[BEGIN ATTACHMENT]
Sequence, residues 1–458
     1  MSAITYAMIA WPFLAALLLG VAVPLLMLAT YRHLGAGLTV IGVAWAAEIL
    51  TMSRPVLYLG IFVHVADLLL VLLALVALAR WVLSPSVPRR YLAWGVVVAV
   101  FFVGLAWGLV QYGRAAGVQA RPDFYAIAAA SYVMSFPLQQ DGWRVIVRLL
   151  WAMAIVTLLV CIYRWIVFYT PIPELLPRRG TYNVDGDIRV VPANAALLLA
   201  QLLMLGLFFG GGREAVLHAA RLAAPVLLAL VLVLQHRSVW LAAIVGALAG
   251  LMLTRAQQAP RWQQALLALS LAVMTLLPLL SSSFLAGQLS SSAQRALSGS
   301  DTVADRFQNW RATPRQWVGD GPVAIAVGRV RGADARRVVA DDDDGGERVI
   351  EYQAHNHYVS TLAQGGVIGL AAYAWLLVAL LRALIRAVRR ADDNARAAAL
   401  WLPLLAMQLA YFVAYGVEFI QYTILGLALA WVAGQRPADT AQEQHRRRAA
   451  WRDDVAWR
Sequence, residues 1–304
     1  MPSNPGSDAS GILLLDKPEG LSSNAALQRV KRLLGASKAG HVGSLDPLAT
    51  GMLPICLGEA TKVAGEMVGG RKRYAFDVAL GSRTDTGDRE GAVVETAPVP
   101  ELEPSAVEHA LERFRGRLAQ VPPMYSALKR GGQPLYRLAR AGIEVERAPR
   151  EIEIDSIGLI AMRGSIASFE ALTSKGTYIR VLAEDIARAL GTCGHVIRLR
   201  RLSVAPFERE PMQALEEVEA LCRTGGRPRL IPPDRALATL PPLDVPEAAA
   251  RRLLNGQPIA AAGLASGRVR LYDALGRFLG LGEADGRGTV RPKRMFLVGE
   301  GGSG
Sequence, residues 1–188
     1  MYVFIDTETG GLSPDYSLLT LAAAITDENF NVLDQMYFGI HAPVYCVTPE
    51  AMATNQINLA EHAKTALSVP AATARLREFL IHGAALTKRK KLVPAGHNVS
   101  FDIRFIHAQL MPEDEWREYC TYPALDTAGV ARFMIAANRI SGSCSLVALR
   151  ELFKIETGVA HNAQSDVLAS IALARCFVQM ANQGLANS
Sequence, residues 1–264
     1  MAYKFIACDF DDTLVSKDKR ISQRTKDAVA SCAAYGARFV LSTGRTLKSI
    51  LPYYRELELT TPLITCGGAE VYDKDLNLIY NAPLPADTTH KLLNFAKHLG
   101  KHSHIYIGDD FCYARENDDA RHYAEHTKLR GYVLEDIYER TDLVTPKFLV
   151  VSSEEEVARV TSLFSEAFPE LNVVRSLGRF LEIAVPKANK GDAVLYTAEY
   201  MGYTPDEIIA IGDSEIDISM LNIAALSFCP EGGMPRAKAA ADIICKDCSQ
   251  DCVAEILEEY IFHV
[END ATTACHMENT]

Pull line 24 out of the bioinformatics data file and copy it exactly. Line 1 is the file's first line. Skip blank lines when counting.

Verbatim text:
   151  ELFKIETGVA HNAQSDVLAS IALARCFVQM ANQGLANS